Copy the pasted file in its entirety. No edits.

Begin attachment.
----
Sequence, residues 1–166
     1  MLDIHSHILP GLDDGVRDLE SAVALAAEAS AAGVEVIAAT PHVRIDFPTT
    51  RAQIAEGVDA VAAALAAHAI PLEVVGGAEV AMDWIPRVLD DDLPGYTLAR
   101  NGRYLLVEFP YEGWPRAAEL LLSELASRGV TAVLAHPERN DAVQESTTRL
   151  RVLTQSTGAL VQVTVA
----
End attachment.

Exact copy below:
Sequence, residues 1–166
     1  MLDIHSHILP GLDDGVRDLE SAVALAAEAS AAGVEVIAAT PHVRIDFPTT
    51  RAQIAEGVDA VAAALAAHAI PLEVVGGAEV AMDWIPRVLD DDLPGYTLAR
   101  NGRYLLVEFP YEGWPRAAEL LLSELASRGV TAVLAHPERN DAVQESTTRL
   151  RVLTQSTGAL VQVTVA